Eellogofusciouhipoppokunurious — the longest weirdest word in English
commissioned by Wrunter in 2016.
English is known to have many long and incredibly strange words. Some of them come from the older times, some of them are just some obsolete terms, others are merely an elaborate pranks, that ran its course. And then there are some which origin are incredibly obscure and tangled with thin veil of ridiculous mystery which is much more interesting than the boring truth that is better to be left behind.
The word “eellogofusciouhipoppokunurious” is one of the latter. It is a favorite among the fans of obscure and weird words — mainly because it is so long and so hard to pronounce. The funniest thing about it is that it doesn’t mean anything cryptic or downright mystical. It is merely a synonym of one relatively well-known concept represented by adjective “good”. It’s just a 30 letters long “good”. Spelling it can be considered a form of performance art. Seriously, try it. Worth a try or two. And yet — there’s something irresistibly charming about it.
“Eellogofusciouhipoppokunurious” (spelled eellogo-fusciou-hipoppo-kun-urious) is not presented in any of the standard dictionaries. Even Oxford English Dictionary (Mastodon Leviathan of a dictionary that has words of all walks of life and even more) doesn’t have it. It first surfaced on Internet on the site of obscure words “The Phronstistery” over two decades ago and since it has been presented as an elaborate but obscure relic of linguistic gutta-percha.
While it looks like a magic spell without an instruction and sounds like something that could appear in the songs for Mary Poppins written by Sherman brothers (“supercalifragilisticexpialidocious”, et al) — it is a little bit more complicated. For some time, it was considered to be a “nonce word” — the one that was made-up for a one-off communicative purpose without means to be used anymore in any meaningful way, not mentioning being accepted or standardized in any form. Most of the nonce words are never repeated and remain artifacts of an exclusive instance. But most of the nonce word doesn’t sound that alien and familiar in the same time and they don’t look like they pose a considerable threat to your verbal apparatus.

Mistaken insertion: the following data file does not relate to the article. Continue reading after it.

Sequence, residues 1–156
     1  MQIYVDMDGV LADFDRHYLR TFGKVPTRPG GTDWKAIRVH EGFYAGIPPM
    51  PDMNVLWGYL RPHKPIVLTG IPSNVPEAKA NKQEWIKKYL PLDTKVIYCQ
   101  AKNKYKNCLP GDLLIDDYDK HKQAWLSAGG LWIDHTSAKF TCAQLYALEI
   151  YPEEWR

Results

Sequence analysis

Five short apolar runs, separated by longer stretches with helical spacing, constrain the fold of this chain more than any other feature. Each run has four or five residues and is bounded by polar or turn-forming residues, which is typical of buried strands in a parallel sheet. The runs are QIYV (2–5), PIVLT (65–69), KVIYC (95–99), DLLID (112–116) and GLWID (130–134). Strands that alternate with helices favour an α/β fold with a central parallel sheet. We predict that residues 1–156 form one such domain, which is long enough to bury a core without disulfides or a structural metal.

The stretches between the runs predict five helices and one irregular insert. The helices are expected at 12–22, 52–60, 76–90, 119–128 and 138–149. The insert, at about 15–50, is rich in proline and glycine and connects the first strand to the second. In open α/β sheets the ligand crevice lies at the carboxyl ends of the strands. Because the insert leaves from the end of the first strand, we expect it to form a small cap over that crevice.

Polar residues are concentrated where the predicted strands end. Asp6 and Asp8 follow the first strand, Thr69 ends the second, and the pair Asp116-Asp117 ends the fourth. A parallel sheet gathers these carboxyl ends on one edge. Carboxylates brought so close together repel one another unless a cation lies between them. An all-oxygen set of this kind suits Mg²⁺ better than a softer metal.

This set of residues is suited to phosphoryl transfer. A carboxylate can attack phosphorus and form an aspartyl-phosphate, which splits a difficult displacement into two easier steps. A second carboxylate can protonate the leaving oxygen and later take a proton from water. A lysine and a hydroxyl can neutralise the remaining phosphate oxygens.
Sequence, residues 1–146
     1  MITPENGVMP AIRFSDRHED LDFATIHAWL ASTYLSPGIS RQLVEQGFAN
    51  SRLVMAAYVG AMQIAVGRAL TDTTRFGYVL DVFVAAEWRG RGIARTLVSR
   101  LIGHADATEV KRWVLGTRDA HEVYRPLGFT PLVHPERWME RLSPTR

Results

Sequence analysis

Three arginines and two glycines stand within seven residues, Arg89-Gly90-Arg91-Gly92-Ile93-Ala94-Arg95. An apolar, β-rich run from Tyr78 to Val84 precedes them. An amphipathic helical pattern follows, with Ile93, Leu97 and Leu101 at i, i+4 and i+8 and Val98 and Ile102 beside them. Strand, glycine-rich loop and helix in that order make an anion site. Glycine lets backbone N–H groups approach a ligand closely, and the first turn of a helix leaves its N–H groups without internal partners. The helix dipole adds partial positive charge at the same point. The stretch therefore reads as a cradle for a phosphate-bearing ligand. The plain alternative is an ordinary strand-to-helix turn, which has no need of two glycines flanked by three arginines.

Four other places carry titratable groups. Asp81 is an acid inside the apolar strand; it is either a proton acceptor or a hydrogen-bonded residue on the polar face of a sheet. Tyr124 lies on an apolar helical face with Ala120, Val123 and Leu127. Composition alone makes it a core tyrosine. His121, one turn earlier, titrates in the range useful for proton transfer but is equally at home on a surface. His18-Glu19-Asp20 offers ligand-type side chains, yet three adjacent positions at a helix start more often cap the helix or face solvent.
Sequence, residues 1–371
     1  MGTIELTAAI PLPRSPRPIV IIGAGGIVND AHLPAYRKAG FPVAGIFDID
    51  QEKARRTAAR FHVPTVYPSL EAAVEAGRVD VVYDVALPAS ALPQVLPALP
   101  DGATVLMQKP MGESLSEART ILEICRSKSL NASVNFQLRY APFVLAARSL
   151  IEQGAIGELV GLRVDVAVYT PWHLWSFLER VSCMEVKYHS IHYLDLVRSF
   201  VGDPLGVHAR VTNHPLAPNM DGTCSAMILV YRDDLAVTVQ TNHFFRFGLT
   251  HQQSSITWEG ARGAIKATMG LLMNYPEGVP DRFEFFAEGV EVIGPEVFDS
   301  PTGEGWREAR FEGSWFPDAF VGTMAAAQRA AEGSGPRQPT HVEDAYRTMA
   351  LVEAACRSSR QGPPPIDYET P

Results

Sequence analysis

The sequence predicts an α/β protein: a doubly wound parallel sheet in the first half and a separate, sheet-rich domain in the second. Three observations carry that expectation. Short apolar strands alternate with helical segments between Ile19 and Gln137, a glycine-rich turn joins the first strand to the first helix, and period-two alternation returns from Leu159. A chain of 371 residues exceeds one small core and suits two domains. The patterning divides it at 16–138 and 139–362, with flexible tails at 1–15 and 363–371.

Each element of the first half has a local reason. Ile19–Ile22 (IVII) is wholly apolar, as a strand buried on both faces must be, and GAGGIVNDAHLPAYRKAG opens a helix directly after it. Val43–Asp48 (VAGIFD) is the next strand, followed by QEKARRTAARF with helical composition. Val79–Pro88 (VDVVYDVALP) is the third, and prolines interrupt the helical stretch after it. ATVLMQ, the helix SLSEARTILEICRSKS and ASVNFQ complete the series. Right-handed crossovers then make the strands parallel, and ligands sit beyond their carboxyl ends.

What is the secret behind “eellogofusciouhipoppokunurious”? Why it exists? It has simpler and much more common synonym and is notoriously hard to pronounce without proper training. It is not casually used. The only field in which it is still brought up — are discussions about longest words in English language (as a side remark, it is also a title of my Xerolage issue, thought you might be interested). It’s a glorious remnant of something lost and left behind long ago…
But who cares about that! It sounds like a short musical composition and looks like a poem in an unknown language.
As for me — it is one hell of an interesting word to think about. The more I think about it — the more I like it.
There are two things that it reminds me.